Production Security

The set can be an extremely busy environment with a lot of moving parts. Production teams have deadlines to meet, talent to direct, and personnel to manage. The last thing production needs to worry about is what its security personnel are doing. The best way to ensure that security is doing its job is by hiring a competent security firm that manages its personnel so that you don’t have to.

So what is security’s job? A security officer will always be responsible for a standard set of responsibilities:

  • Serving as a deterrent against the commission of wrongful acts committed against the client, its employees, guests and property
  • Controlling access to the client’s property
  • Observing and reporting all security and safety-related issues
  • Aiding in the discovery of security violations
  • Timely reporting of emergencies
  • Providing directions and informational assistance to the client, it employees, visitors and guests
  • Conducting roving patrols of the grounds
  • Preparing written reports detailing security-related activities and incidents


In addition to these general duties, security personnel will always be responsible for site-specific duties. In regards to the production environment, one of the most important areas of focus needs to be confidentiality. Ensuring the security of information on set begins with having each individual sign a non-disclosure agreement (NDA). It is excellent practice to have the individual administering the NDA explain to the signer the implications of violating such an agreement. Bringing to the person’s attention the possibility of a fine in the area of seven figures will most likely make him think twice about sharing anything he observed while on set. It is also possible that some people simply do not know what an NDA is and are accustomed to signing documents without understanding their purpose. Many people today are not confidentiality-oriented and will think nothing of sharing their on-set experiences with colleagues. Having them sign an NDA and explaining the key points while doing so will make them think twice about the importance of confidentiality. Having security personnel administering the NDA is good practice for several reasons:

  • It sets the tone, informing everyone on set of the high expectations and standards of behavior
  • Security personnel can have the individual sign the NDA prior to entering the protected site
  • Considering confidentiality is a security-related function, it should be handled by security personnel, hence allowing security to worry about security, and production to worry about production
  • Some individuals may be reluctant to sign the NDA and could potentially become agitated

Threat Assessment and Management

Production of course involves talent. And with talent comes baggage, sometimes in the form of persistent fans or even stalkers. For this reason it is imperative that security teams obtain any and all information pertaining to inappropriate communications from the camps of each cast member prior to filming. Security firms need to take this information and conduct their own detailed threat assessment and prepare to manage any potential threats. During filming, a stalker of a cast member becomes a stalker of the overall production; therefore it is extremely important that the contracted security firm has a high aptitude in Threat Assessment and Management.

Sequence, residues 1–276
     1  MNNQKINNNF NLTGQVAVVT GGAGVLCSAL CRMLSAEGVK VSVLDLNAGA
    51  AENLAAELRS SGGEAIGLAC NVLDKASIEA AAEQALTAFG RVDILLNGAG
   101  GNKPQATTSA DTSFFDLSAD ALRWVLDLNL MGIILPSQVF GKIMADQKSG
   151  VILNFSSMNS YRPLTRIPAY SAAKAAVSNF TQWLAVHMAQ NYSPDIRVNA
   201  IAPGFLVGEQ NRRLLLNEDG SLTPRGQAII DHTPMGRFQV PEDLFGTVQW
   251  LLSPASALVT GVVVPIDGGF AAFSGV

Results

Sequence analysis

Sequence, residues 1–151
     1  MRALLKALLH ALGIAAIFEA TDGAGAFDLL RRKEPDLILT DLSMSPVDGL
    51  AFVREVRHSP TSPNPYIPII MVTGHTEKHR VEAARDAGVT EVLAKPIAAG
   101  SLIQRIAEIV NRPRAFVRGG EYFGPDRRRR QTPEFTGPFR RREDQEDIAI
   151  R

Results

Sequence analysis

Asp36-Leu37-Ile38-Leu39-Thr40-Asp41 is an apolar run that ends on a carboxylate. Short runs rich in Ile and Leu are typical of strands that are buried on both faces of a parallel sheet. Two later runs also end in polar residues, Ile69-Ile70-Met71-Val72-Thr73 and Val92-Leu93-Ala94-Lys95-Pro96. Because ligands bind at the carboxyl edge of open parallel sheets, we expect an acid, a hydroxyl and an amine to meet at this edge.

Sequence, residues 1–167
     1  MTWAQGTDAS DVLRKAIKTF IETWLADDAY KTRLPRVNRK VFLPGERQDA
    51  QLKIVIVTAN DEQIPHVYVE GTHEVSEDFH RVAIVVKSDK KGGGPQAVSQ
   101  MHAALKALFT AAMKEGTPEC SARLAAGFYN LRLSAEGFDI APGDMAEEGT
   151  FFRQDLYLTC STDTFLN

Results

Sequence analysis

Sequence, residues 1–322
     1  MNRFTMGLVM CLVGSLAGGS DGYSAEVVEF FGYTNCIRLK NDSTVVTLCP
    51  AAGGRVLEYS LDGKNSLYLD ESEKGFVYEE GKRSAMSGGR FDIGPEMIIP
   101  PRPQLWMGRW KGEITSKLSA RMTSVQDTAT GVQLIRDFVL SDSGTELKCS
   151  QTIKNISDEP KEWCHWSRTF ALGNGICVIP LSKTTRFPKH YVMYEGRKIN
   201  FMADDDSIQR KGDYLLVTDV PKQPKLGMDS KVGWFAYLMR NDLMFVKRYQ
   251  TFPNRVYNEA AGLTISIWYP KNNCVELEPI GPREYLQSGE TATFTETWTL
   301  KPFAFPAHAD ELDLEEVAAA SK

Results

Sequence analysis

Vendor Management

With the sometimes chaotic nature of the production environment, it is extremely difficult to keep track of every single person on set. Add to this the number of vendors that pass through on a daily basis and it becomes nearly impossible for production teams to be familiar with every individual on site. These factors combined with the natural curiosity brought on by the entertainment industry make a production environment an ideal place for attempted unauthorized access.

Vendor management begins with access control to the site, with security personnel ensuring each vendor is on authorized lists provided by the production team. Beyond the front gate, vendor management extends throughout the site, where access to designated areas needs to be controlled. All vendors should be required to display specific credentials—badges or color-coded wrist bands. Any vendor on site not displaying the necessary credentials should be challenged by all personnel, security and production alike.

Processes and Procedures

No matter the site, specific processes and procedures need to be developed and implemented by security management. All security personnel need to be familiar with these policies in order to know exactly what actions to take during specific situations. Some examples of scenarios faced on set are:

  • Medical emergency
  • Arrest of unauthorized person on site—safe custody location
  • Drone
  • Hostile vendor termination
  • Natural disaster

The production environment is a dynamic one, and requires equally dynamic security personnel. Just like the security team needs as many force multipliers as possible, the production team too needs force multipliers, and competent security personnel will be just that. Simple acts like directing guests to proper parking areas, assisting EMTs with medical situations, and ensuring drivers know the most efficient route to the nearest level-one trauma center can substantially aid in the overall production process. For production companies, the individuals managing the production will inevitably make or break the project, and the same can be said about security. Unfortunately, figuring that out in the middle of filming can have detrimental effects on production. To ensure success, choose the right security firm so that production can focus on production and production only.